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Pennsylvania State, Crypto Miner Sued for Polluting Environment

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Pennsylvania State, Crypto Miner Sued for Polluting Environment

Pennsylvania state has failed to protect its residents from a crypto mining rig’s carbon dioxide emission, a court filing read.

On Tuesday, a Pennsylvania environmental NGO – Save Carbon County – filed a lawsuit in a state court, accusing Stronghold Digital Mining. The company has been reportedly burning waste coal and tiers to produce energy for its crypto mining operations.

Per the complaint, the Stronghold mining located in northeastern Pennsylvania has caused enough environmental harm by performing energy-intensive Bitcoin proof-of-work.”

The lawsuit also mentions Pennsylvania state as a defendant, a Reuters report noted.

It marks the first time the state has been sued for violating the constitutional provision guaranteeing citizens a right to a clean environment by permitting crypto mines, Aaron Freiwald, the NGO’s attorney said Tuesday.

Stronghold Digital Mining has been purportedly emitting six million tons of carbon dioxide per year. The environmental group stated that despite this, Pennsylvania has failed to ban crypto mining or advocate less energy-intense methods like “proof of stake” verification.

Save Carbon County hit Stronghold claiming that the company caused public nuisance, public liability and negligence. The group is seeking compensation from the company for engaging in crypto mining-related pollution and for environmental harms already caused.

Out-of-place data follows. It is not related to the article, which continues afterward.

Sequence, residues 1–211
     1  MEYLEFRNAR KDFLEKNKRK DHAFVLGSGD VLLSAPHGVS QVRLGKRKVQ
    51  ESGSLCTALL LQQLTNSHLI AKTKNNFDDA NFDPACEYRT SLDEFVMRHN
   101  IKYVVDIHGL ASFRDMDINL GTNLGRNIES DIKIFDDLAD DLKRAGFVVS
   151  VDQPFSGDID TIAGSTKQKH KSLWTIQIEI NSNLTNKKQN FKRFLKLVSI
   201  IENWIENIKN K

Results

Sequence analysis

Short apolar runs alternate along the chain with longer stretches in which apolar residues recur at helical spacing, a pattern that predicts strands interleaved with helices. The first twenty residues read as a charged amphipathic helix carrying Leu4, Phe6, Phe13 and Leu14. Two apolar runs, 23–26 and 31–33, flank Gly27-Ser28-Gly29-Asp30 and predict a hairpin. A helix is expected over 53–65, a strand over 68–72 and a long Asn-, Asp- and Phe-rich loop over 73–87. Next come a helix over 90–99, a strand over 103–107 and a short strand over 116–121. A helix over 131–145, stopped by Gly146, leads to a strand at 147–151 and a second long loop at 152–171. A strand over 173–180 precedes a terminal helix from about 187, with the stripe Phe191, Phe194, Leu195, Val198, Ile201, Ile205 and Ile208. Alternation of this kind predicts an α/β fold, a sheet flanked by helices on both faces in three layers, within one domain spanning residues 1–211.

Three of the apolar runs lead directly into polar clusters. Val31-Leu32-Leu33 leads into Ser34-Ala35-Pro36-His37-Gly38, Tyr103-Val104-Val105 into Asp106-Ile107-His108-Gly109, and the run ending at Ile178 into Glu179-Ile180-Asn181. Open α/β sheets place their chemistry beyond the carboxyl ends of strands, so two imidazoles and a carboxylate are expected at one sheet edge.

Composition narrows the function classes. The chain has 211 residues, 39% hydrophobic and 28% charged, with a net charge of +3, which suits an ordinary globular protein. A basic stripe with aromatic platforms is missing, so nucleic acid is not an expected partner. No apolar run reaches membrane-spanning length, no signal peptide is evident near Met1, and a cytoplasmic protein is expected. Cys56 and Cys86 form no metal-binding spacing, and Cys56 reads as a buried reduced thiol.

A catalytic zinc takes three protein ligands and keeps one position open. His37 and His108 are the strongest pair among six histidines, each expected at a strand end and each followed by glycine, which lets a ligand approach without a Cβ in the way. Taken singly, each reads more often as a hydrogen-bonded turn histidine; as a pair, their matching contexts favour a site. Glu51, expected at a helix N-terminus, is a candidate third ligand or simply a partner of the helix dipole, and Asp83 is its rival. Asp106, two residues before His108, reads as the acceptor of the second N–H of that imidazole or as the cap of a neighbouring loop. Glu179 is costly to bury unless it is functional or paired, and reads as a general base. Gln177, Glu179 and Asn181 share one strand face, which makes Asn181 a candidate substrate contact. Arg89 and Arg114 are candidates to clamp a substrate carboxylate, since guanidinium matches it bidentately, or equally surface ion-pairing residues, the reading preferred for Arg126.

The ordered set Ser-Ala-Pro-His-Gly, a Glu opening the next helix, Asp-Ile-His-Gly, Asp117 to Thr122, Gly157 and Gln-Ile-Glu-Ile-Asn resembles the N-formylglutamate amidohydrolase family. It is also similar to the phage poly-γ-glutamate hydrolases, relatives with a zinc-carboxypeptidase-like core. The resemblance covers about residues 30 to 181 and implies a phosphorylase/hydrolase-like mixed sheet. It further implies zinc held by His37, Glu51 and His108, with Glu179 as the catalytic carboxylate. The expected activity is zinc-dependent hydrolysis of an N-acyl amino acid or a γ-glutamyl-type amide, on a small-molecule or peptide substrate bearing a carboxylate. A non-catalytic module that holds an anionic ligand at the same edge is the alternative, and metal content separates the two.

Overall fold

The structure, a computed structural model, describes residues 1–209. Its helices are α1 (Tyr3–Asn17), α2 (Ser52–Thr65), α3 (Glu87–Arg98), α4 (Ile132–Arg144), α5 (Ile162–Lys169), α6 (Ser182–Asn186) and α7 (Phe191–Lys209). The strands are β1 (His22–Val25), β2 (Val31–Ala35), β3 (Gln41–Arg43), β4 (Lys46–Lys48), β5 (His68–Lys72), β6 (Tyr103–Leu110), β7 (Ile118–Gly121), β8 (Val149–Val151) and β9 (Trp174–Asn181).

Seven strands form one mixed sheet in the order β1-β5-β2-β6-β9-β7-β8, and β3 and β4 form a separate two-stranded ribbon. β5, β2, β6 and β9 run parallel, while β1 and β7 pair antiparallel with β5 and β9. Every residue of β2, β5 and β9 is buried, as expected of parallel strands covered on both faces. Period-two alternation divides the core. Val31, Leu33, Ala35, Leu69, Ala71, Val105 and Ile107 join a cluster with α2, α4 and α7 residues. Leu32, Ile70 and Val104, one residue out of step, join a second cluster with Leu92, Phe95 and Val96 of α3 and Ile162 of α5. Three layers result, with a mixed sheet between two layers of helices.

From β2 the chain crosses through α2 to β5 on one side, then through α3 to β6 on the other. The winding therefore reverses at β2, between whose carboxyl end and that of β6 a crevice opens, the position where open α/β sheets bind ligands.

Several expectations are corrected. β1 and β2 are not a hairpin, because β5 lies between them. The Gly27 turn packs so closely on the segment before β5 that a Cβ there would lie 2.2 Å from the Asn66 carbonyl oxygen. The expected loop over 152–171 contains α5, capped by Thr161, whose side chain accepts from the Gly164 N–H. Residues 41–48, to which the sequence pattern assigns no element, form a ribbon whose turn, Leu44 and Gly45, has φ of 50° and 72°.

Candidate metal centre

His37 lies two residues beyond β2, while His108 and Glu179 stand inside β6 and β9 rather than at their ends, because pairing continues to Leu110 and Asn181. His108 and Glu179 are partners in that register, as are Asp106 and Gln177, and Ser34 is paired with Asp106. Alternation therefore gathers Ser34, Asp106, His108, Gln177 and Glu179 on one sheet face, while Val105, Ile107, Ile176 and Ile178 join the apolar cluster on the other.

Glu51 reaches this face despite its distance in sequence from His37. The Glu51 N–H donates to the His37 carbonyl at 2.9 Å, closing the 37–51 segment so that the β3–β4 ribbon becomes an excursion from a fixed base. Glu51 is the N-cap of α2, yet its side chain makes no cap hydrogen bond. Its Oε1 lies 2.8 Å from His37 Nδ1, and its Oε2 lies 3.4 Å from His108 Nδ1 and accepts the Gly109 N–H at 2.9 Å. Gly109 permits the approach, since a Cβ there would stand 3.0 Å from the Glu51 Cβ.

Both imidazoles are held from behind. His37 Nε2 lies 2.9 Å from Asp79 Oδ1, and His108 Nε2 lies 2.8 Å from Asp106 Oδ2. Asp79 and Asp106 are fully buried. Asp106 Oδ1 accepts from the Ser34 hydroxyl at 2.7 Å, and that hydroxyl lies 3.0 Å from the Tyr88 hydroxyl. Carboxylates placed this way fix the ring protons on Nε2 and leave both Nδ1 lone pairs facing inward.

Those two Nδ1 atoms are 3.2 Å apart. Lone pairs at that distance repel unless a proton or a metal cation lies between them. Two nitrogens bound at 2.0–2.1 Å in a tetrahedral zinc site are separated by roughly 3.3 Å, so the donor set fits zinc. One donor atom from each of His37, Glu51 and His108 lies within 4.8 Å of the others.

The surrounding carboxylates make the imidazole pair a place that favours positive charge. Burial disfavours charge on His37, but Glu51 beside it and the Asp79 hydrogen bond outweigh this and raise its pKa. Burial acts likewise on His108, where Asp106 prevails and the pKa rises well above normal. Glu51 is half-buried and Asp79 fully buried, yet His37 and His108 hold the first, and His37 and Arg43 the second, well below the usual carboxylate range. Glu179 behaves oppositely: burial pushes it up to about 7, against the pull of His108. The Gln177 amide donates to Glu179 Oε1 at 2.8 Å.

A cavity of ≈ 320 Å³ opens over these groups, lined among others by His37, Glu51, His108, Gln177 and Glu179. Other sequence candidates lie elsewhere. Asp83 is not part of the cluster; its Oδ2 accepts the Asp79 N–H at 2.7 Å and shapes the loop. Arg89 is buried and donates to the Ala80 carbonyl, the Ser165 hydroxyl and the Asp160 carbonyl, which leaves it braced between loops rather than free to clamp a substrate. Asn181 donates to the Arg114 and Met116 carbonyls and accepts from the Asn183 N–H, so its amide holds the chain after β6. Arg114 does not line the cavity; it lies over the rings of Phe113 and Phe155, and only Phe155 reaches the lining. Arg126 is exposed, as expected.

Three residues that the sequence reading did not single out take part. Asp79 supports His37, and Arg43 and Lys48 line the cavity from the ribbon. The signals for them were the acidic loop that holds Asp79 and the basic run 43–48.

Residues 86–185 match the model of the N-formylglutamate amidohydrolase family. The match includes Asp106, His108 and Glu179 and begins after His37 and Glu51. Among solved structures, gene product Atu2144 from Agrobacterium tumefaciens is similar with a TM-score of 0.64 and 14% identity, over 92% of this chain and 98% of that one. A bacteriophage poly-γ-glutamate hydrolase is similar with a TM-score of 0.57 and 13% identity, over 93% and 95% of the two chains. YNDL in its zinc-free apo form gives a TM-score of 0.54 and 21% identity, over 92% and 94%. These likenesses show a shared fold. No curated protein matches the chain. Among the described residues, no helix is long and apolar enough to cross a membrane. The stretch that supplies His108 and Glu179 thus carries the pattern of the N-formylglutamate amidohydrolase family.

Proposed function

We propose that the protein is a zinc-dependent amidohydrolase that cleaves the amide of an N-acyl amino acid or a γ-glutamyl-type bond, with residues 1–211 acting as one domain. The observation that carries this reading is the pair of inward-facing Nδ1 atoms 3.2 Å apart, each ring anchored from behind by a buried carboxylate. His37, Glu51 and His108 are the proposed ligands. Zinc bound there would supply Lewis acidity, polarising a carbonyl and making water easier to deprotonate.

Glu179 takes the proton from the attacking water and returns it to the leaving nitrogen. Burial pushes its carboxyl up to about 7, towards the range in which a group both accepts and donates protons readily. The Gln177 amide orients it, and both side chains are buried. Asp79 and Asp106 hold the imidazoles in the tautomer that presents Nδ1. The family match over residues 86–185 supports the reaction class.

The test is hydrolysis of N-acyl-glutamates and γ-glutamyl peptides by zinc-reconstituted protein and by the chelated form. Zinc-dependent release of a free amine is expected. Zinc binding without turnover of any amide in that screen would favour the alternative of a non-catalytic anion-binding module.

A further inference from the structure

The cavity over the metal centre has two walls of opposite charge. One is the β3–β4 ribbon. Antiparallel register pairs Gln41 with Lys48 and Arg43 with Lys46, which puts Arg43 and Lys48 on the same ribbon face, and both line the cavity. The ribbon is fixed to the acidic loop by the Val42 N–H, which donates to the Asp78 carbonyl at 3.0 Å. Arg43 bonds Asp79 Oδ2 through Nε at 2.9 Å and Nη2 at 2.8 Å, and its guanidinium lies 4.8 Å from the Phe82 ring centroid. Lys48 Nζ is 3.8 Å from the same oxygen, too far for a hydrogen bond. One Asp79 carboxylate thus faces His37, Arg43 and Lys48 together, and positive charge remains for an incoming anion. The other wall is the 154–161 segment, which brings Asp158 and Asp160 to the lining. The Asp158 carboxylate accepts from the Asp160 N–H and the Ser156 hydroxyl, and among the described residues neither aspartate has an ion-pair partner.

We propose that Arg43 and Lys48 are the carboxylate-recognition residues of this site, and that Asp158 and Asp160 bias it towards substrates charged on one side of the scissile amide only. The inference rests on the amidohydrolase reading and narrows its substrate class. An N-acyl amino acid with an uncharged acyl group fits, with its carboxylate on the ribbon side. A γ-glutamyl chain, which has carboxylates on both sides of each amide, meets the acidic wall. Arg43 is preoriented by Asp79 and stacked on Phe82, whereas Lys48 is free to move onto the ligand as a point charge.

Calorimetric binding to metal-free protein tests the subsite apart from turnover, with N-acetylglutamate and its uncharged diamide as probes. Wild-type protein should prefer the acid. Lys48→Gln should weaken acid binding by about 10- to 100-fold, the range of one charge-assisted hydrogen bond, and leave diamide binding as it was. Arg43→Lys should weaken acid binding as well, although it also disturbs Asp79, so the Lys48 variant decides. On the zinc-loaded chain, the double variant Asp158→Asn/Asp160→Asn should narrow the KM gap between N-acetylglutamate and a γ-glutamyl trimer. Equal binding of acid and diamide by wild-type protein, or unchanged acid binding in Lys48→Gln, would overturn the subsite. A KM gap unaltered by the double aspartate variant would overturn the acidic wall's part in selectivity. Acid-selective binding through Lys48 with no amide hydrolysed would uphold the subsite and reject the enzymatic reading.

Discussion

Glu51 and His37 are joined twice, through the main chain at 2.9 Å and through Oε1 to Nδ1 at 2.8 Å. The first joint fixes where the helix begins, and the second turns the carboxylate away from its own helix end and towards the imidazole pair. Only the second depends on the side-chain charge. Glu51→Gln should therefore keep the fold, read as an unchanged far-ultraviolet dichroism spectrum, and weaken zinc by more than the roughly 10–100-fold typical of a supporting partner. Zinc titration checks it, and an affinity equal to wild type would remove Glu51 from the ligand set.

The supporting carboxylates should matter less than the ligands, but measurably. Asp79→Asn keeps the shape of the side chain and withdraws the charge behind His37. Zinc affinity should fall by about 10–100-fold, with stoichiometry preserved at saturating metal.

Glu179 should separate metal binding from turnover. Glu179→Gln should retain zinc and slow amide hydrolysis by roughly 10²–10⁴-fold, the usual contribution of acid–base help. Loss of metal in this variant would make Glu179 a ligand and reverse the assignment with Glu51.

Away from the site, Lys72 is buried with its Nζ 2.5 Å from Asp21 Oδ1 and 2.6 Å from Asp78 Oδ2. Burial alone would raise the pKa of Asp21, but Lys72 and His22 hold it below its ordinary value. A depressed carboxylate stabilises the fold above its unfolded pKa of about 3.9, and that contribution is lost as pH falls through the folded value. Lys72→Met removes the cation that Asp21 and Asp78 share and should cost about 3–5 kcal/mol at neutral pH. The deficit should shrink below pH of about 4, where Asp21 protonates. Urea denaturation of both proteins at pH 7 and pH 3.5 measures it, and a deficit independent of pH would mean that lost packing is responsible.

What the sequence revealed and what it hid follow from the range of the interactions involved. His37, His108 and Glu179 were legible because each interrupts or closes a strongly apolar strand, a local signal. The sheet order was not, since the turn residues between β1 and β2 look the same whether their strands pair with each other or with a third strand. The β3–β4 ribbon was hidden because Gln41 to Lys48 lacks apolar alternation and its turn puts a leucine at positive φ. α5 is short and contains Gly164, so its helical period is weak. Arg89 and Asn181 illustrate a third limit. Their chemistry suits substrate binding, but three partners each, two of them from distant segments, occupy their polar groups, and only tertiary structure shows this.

Denying the accusations, a spokesperson from Stronghold noted that the company is alternatively cleaning-up land and water in the locality.

“Stronghold’s facilities have cleaned up millions of tons of waste coal and reclaimed over 1,050 acres of once-blighted land, now sports fields, parks, and fishing spots for local communities.”

From Burning Tires to Greener Ways

In 2021, Stronghold Digital Mining Inc. acquired Panther Creek to generate cryptocurrency. Until now, the plant has received at least seven violations related to unpermitted air pollution under Department of Environmental Protection.

Apart from transporting coal waste from several sites, Stronghold has turned to burning tires to fuel its power generation mix.

Russell Zerbo, the federal advocacy coordinator at the Clean Air Council at Penn State, told Cryptonews that burning tires create an abundance of harmful air pollution.

“Burning tires would increase polyaromatic hydrocarbon (PAH) pollution from the Panther Creek plant in Nesquehoning, PA. PAH pollution includes many carcinogens.”

Additionally, Zerbo noted that there are no precautionary methods that one can take to perform sustainable mining.

“Crypto mining is a complete waste of electricity, there are no sustainable ways to do it.”

Further, according to Lena Klaaßen, co-founder of the Crypto Carbon Ratings Institute (CCRI), there should be more transparency on the energy sources used for Bitcoin mining.

She told Cryptonews that entities that hold Bitcoins to perform on-chain transactions are responsible for Bitcoin-related emissions as part of their scope 3 (value chain) emissions.

“Energy usage is inherent to the Proof of Work consensus mechanism on which Bitcoin is based. In light of the imminent climate crisis, the priority should be on the decarbonization of the industry.”